From the late '70s through the early '80s, Police fans listened and learned as a trio comprising two crafty musicians and a restless former schoolteacher slowly began to rule the New Wave world. As the first disc of this rewarding and interesting post-breakup concert release indicates, it was an altogether different era. The music from this 1979 Orpheum club date, in Boston, snarls with manic dismissiveness. In those days even raw-minded rock outfits tried to construct songs that sounded new or at least different from the great, familiar sprawl of classic rock. Today's fond contentment with re-imagined Beatles and Zeppelin seemed unthinkable.
In Boston all the Police's wiry elements held forth: the choice of reggae as the conveyor of soulfulness; the jazz nostalgia that flavored Sting's Russian- and Eastern European-derived melodies; the emptied-out punk-guitar momentum carried off with near-total disregard for Chuck Berry or Boston (the group). The Police motor through songs as stunningly composed as "So Lonely," "Roxanne" and "Walking on the Moon." They also nail down brief riffs on tunes like "Bring on the Night" and "Message in a Bottle," turning them into expansive music unconcerned about anybody's rules.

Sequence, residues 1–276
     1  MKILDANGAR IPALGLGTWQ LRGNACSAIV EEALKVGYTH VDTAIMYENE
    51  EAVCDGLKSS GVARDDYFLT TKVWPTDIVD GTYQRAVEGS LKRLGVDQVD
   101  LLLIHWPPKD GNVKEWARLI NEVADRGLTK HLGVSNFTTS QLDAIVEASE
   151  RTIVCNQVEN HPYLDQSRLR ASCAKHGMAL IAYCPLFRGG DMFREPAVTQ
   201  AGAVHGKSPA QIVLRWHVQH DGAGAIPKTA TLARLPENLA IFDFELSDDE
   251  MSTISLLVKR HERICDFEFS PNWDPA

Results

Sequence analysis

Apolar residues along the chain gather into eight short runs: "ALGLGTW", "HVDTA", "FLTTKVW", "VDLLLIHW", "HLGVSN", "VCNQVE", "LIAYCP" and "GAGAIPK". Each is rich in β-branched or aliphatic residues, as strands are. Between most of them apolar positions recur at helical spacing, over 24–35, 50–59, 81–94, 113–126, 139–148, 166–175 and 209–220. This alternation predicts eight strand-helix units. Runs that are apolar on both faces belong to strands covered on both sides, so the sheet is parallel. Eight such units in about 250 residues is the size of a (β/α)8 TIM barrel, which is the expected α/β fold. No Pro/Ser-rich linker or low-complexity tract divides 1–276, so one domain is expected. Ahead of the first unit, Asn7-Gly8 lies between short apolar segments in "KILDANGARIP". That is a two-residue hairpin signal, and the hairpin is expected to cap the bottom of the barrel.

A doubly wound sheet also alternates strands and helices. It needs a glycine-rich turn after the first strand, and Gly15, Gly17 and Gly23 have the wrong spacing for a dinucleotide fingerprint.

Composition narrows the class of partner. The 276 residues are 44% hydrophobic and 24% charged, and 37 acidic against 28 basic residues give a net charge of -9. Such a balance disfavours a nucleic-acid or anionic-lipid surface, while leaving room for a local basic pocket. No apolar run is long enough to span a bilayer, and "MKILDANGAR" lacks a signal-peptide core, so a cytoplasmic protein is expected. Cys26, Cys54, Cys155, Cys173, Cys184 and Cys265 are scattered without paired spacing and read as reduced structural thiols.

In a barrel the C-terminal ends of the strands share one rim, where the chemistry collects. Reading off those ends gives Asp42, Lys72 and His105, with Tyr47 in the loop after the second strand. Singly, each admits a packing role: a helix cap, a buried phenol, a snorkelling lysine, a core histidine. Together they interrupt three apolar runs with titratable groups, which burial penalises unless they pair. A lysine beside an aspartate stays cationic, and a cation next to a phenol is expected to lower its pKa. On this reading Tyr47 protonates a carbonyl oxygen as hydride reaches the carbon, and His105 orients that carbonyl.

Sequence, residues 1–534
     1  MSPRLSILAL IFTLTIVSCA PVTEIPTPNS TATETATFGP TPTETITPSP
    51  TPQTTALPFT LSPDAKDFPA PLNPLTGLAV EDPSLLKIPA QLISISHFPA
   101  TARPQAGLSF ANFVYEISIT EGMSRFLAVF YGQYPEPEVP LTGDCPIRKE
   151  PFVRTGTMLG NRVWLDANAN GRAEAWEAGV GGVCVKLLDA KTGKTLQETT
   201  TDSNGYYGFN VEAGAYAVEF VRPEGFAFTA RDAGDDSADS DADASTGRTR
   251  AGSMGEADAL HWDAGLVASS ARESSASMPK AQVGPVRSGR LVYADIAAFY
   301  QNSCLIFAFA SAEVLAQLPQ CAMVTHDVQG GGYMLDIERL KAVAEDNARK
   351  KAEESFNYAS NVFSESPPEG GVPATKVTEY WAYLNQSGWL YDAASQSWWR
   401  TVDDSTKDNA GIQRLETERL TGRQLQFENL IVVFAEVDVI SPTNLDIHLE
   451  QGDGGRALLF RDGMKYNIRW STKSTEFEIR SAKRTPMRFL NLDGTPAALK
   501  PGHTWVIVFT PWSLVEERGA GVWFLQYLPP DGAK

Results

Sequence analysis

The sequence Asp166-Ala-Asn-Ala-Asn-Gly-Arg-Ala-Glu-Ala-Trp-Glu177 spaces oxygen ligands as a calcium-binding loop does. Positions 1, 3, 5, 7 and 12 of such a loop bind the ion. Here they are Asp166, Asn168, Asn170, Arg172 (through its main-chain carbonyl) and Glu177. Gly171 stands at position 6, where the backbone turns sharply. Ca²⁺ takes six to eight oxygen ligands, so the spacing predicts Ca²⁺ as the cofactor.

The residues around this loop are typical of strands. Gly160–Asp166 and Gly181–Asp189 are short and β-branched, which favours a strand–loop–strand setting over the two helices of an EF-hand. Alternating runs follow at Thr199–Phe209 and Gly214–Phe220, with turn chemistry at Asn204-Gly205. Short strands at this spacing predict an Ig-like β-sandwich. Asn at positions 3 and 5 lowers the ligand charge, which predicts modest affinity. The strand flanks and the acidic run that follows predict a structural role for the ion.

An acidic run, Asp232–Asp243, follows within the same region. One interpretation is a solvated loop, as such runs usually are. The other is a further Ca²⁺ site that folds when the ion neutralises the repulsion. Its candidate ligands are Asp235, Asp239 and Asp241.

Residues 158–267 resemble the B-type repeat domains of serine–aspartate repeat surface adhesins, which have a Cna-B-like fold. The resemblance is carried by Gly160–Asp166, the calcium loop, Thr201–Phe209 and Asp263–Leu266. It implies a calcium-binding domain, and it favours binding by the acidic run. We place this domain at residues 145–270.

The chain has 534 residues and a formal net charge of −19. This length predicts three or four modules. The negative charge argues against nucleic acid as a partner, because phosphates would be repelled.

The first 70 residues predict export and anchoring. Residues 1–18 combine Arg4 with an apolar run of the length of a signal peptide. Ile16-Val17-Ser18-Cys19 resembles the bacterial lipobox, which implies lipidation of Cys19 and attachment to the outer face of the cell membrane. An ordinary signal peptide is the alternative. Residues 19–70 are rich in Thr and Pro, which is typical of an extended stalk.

By 1983, the Police had graduated from buses to limos, from the coziness of university evenings to the massive auras of Sun Belt stadiums. In Atlanta, on Disc 2, you get the fluent, cheesy synths, the spiraling and taut arrangements, the highend background singers, Andy Summers' majestically hair-sprayed guitar solos and all the rest. With confident élan, the band sails through career gems like "De Do Do Do, De Da Da Da" and "Don't Stand So Close to Me," as well as the anguished Synchronicity grooves. In Boston, the Police made bracing music because they bristled at the constraints of punk; in Atlanta they were taking on the limitations of pop itself.
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